Ireland should begin preparing for "peaceful reunification" to address the long-term consequence of Brexit, an influential committee of Irish parliamentarians urged.
A "New Ireland Forum 2" to achieve a nationalist consensus on how to unite the island should be established, a report published on Wednesday in Dublin said.
Northern Ireland is the only part of the UK sharing a land border with an EU state - the Republic of Ireland - and its status after Brexit is a key factor in talks between London and Brussels amid claims the region would be worst-affected by a hard exit.
The 1998 Good Friday Agreement, which largely ended decades of violence, allows a referendum on reuniting Ireland where it is believed a majority in Northern Ireland favour this.
EU leaders agreed that such a vote, in the face of stiff unionist opposition, would allow Northern Ireland to rejoin the bloc automatically.
The report from public representatives in the Republic said: "The road map to achieve the constitutional aspiration of the peaceful reunification of Ireland and its peoples under the Good Friday Agreement could begin in the same way as the original New Ireland Forum.
"We recommend the establishment of A New Ireland Forum 2 which would be the mechanism whereby the status quo logjam and long-term consequence of Brexit for the people of this island could be addressed."
The original New Ireland Forum met in the 1980s to achieve agreement amongst nationalists opposed to IRA violence on the way forward. Among those who attended were then-Taoiseach Garret FitzGerald and SDLP founder John Hume.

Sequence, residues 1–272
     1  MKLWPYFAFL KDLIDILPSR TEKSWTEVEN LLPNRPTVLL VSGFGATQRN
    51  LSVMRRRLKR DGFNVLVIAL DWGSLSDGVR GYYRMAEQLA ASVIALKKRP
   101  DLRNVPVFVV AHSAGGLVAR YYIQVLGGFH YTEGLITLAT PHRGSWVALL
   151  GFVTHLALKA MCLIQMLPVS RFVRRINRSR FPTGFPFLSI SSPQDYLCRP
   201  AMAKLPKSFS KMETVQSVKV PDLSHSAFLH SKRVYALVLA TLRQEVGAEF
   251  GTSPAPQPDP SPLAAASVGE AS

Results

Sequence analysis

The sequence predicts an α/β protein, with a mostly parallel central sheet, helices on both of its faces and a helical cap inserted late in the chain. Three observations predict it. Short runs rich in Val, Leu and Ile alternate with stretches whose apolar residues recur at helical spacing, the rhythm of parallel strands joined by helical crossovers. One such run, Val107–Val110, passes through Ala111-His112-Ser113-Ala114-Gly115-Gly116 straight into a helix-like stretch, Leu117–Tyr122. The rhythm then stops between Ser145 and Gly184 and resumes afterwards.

Arrangements for the Irish border after Brexit are one of the key issues under negotiation between the UK and Michel Barnier's team in Brussels.
While political leaders in Dublin, Belfast and London have endorsed calls for a frictionless frontier, its future is still to be decided.
Irish premier Leo Varadkar recently said Ireland will not design a border for Brexiteers and his intervention has met with an angry response from Prime Minister Theresa May's DUP allies.
On Wednesday, the Joint Oireachtas Committee on the Implementation of the Good Friday Agreement published its report on Irish unity drawn up by Senator Mark Daly, who represents Fianna Fail.
Senator Daly was appointed to consider what Ireland should seek to have included in the final agreement on Brexit between the EU and UK, particularly in the event of the people of Northern Ireland voting for a united Ireland, and what Ireland needs to do in order to peacefully achieve its "constitutional obligation", chair Kathleen Funchion said.
She added: "The committee recognises that the matters examined were complex and sensitive.
"The rationale behind the report was to examine challenges and to seek to identify concerns and explore how they could be addressed."
The committee also said Northern Ireland should be treated as a special case worthy of ongoing EU support after Brexit in 2019.
DUP leader Arlene Foster said t he constitutional position of Northern Ireland was settled.
"From an economic point of view, it is a no-brainer when you see the benefits we gain from our membership of the UK, so that is a non-runner.
"It is not a matter for reports from the Dail. It is a matter for the people of Northern Ireland."